The Major League Baseball Players Association last week announced a new baseball-themed social media platform that’s supposed to revolutionize player-fan engagement.

The site is called “Infield Chatter,” and, according to a press release, it will facilitate easy interaction between the more than guys in uniform and the fans at home.

Here’s how Twins pitcher Hector Santiago explained the concept to CNBC:

“We asked for a better way to communicate directly with fans and learn more about them, and make it easy for them to learn more about us,” Santiago said via email. “We believe this is the way to go, a true baseball community so that we can just be ourselves.”

So basically it sounds like Twitter but for baseball only. So… Baseball Twitter.

The MLBPA seems awfully excited about Infield Chatter, and they’ve put a lot into it. Per CNBC, the idea is several years in the making and may have cost more than a million dollars to develop. Clearly players want to engage more with fans, which is cool for the fans and good for the sport.

But nowhere in a lengthy press release nor an equally lengthy CNBC story does anyone involved explain how Infield Chatter is actually different from existing platforms. When you thumb through Infield Chatter, it basically appears how Instagram would look if you only followed baseball accounts.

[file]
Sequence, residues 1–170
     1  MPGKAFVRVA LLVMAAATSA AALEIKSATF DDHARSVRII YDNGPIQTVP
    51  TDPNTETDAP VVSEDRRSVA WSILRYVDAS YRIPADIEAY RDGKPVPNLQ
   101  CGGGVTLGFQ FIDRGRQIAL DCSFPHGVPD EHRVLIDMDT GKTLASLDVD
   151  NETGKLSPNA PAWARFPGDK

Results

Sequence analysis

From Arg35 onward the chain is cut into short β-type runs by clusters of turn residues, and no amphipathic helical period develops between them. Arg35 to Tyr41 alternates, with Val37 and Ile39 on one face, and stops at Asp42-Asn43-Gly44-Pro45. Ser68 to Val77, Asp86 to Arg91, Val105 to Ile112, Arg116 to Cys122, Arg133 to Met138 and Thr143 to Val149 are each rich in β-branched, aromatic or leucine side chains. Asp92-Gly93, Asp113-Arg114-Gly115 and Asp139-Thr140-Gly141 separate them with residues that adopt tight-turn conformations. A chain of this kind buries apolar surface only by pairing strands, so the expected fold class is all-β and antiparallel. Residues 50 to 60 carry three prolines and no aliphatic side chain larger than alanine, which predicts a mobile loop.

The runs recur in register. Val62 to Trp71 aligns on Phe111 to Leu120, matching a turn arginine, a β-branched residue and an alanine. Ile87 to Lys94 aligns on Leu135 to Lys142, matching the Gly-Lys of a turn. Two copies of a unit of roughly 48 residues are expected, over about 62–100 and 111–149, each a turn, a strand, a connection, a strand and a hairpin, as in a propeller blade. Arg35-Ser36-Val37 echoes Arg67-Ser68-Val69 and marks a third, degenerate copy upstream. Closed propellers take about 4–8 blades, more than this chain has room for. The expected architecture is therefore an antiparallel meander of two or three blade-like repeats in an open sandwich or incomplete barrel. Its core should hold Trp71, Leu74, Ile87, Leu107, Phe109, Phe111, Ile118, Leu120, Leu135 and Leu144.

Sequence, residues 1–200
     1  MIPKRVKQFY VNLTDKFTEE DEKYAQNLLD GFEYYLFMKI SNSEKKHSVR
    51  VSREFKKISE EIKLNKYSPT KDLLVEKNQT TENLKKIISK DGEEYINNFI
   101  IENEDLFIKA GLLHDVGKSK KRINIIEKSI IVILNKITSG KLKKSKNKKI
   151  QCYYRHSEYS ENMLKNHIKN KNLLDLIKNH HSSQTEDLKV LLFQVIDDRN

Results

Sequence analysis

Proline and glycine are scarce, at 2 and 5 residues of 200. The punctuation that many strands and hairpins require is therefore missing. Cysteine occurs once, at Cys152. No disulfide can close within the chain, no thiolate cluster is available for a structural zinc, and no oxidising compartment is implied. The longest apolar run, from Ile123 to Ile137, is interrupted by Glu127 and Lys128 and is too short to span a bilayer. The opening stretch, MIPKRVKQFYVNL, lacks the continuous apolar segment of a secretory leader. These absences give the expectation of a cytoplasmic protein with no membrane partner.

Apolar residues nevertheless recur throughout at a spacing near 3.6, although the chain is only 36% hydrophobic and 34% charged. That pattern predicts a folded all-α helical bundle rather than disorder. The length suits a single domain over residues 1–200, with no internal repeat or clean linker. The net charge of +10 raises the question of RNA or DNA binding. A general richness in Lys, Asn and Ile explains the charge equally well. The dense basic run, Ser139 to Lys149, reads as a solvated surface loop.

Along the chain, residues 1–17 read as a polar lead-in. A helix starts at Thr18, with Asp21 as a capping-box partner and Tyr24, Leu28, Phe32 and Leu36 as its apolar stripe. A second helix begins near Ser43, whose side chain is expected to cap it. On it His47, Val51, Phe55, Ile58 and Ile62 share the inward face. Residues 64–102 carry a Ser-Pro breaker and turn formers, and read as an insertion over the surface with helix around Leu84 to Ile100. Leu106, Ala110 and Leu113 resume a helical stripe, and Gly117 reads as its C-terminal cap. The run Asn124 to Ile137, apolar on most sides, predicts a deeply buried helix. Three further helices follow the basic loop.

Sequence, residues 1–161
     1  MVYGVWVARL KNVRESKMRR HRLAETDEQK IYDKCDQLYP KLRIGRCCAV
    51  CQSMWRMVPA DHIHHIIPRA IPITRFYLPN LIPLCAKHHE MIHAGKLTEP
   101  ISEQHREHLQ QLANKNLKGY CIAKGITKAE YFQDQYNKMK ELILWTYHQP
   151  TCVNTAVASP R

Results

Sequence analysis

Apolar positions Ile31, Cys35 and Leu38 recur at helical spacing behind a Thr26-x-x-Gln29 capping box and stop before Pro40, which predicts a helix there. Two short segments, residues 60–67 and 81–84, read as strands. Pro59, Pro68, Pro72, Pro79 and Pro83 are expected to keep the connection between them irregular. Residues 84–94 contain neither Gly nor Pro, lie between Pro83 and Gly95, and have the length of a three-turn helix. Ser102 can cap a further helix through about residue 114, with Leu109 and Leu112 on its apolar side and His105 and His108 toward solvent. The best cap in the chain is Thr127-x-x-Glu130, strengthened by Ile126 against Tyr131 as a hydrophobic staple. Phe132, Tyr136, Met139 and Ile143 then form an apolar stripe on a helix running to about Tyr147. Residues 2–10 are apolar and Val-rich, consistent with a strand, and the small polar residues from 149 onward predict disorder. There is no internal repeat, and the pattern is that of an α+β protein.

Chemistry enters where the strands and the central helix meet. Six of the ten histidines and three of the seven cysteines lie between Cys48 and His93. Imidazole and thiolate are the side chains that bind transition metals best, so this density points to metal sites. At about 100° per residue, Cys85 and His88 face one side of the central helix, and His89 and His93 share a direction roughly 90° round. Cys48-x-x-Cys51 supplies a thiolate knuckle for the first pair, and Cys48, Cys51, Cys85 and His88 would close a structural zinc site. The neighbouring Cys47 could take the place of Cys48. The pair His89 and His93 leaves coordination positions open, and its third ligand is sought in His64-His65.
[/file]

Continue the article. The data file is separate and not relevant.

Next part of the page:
One focus seems to be on filtering out the type of trolls who ruin social media for many celebrities and athletes. Here’s Oakland A’s outfielder Rajai Davis, via CNBC:

“Other social media serve their purpose, and that’s fine,” Rajai Davis said via email. “But there is a lot of crazy activity on some of those sites, and they’re not always the safest places to post personal stuff. There hasn’t been a good spot for baseball fans to gather, until now. I think this is one of the best programs that the players have agreed to work on together.”

Plus, sports fans don’t use social media only to follow athletes. Most also value interacting with each other and consuming news and opinions from reporters and analysts. If Infield Chatter focuses primarily on the athlete-fan dynamic, it will miss out on the rest.

Where Infield Chatter has a chance at success is in its exclusive content. The site supposedly has more than 1,000 registered players (which is more players than there are in MLB, for what it’s worth), and if those players share truly interesting photos, videos and anecdotes that fans can’t find elsewhere, Infield Chatter could become a destination for baseball fans.

We’ll see whether an idea that is clearly appealing to MLB players can catch the eye of enough fans to be worthwhile.


About Alex Putterman

Alex is a writer and editor for The Comeback and Awful Announcing. He has written for The Atlantic, VICE Sports,, and more. He is a proud alum of Northwestern University and The Daily Northwestern. You can find him on Twitter @AlexPutterman.